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Not that difficult to buy home, says NatWest chair – BBC News

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  • By Michael Race
  • Business reporter, BBC News

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Sir Howard Davies: Not that difficult to buy a home, says NatWest chair

NatWest’s chair has said he believes it is not currently “that difficult” for people to get on the housing ladder.

Sir Howard Davies said people have always had to save for a deposit but admitted they had to save more today, warning of “easy access” to credit.

Critics said his comments on the BBC’s Today programme were “astounding” and “out of touch with reality”.

Sir Howard later sought to clarify his remarks, saying he “did not intend to underplay” the challenges buyers face.

“My comment was meant to reflect that in this context, access to mortgages is less difficult than it has been,” a statement said. “I fully realise it did not come across in that way.”

The average price of a UK property is currently £287,105, according to latest figures from Halifax, the UK’s biggest mortgage lender.

Typically, borrowers need a deposit of at least 10% of a property’s value to get a mortgage. With the gap between house prices and average earnings widening over decades, saving enough money to put down initially is the biggest hurdle for many hoping to buy a home.

It is also one factor in why the average age of a first-time buyer has risen to 32.

In the interview, Sir Howard was asked when he thought it would be easier for people to get on to the property ladder in the UK. He replied: “Well, I don’t think it’s that difficult at the moment. You have to save, and that’s the way it always used to be.”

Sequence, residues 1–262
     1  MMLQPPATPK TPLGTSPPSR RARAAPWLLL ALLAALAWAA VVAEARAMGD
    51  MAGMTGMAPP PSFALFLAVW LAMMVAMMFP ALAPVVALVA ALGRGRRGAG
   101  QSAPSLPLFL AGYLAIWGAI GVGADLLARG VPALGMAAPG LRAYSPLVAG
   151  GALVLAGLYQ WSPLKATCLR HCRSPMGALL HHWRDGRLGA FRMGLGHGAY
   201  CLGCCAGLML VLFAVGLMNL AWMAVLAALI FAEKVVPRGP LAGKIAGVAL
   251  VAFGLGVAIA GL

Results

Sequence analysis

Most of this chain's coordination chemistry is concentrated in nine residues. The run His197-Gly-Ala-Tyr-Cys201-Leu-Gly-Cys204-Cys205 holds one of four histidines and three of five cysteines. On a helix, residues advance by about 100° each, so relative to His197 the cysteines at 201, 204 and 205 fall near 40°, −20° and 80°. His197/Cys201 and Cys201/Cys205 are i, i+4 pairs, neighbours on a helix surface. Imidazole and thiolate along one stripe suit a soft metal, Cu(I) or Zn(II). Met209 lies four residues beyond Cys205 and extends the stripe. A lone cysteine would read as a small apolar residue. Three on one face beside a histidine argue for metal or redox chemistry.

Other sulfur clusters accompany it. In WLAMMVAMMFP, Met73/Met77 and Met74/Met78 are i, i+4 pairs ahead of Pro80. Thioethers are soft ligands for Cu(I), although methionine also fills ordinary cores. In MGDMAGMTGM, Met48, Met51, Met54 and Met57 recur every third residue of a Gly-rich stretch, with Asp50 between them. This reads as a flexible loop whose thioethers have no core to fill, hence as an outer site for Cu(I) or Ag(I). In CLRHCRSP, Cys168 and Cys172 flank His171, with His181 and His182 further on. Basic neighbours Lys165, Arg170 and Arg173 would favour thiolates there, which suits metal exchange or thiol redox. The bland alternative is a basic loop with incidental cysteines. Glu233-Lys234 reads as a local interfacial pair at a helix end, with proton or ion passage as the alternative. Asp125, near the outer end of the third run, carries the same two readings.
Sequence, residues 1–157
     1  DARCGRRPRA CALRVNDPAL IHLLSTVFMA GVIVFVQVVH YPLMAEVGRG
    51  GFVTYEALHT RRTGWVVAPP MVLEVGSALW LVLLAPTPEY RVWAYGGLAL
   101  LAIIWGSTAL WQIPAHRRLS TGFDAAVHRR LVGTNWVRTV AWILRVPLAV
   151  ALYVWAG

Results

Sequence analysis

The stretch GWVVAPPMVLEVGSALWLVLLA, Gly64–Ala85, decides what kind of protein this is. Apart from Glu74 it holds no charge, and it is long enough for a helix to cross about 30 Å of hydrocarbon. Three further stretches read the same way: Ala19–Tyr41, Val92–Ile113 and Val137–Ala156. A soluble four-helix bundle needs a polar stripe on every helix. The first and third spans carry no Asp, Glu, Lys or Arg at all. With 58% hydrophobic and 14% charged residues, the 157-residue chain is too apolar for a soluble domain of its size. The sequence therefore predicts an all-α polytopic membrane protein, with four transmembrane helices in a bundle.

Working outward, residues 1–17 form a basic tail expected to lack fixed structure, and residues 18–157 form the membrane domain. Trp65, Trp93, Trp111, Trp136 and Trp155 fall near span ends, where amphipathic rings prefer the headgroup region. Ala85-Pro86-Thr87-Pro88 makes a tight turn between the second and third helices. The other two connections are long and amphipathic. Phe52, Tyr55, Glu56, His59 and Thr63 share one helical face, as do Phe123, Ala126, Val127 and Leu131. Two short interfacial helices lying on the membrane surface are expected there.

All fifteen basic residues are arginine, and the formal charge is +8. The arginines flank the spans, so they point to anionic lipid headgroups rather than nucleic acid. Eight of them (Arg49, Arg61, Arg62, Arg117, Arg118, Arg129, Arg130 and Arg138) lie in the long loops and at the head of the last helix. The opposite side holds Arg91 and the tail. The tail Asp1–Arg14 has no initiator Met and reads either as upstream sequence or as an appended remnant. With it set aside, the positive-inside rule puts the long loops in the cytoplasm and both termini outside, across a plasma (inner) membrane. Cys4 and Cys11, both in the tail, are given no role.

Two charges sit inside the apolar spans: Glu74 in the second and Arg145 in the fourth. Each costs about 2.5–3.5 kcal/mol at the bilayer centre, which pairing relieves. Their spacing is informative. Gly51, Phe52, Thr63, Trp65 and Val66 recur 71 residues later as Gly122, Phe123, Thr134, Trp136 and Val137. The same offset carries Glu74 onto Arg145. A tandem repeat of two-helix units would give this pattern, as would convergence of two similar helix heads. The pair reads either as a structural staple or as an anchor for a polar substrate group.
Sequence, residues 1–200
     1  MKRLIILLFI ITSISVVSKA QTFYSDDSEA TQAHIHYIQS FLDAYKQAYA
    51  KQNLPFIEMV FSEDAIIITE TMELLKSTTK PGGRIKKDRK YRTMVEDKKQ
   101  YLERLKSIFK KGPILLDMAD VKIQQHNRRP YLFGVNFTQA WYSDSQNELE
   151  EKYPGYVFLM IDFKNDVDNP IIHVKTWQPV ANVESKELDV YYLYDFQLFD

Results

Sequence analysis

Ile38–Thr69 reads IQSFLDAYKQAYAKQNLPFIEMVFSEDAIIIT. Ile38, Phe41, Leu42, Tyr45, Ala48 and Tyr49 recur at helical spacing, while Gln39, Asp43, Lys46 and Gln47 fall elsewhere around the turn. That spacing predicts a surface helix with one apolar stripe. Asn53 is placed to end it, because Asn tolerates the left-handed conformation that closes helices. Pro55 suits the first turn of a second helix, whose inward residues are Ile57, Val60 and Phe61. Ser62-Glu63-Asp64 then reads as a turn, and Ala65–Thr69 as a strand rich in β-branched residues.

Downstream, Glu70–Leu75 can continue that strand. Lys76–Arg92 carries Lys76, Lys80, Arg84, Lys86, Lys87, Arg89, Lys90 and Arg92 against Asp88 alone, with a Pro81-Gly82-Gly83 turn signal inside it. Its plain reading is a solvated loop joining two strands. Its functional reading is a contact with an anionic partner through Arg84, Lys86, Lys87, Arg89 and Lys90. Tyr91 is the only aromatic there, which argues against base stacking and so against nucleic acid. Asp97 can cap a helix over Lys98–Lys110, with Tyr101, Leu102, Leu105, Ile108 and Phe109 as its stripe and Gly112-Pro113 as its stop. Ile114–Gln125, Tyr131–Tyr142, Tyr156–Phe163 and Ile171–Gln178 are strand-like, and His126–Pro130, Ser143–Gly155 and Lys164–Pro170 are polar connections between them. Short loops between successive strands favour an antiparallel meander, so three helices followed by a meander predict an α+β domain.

Pressed on his reasoning, the NatWest chair admitted people found it “difficult to start the process” in saving, but said it was also due to fundamental changes in the housing market seen in the wake of the 2008 financial crisis.

“What we saw in the financial crisis was the risk of having people being able to borrow 100% and then suffering severe falls in the equity value of their houses and having to leave and having a bad credit record so there were dangers in very, very easy access to mortgage credit,” he added.

‘Ludicrous’

Ben Twomey, chief executive of campaign group Generation Rent, said Sir Howard’s comments were “astounding to hear from a senior banker”.

“What planet does he live on?” he added.

Katy Eatenton, a mortgage and protection specialist at Lifetime Wealth Management, called Sir Howard’s comments “ludicrous” and “totally out of touch with reality”.

“The cost of living is the highest it has been, rents are increasing year on year and house prices, interest rates and the lack of first-time buyer schemes are all adding to the difficulty in getting on the property ladder,” she said.

Sir Howard has been chair of NatWest, which is 39%-owned by the taxpayer, since 2015, having previously been the deputy governor of the Bank of England.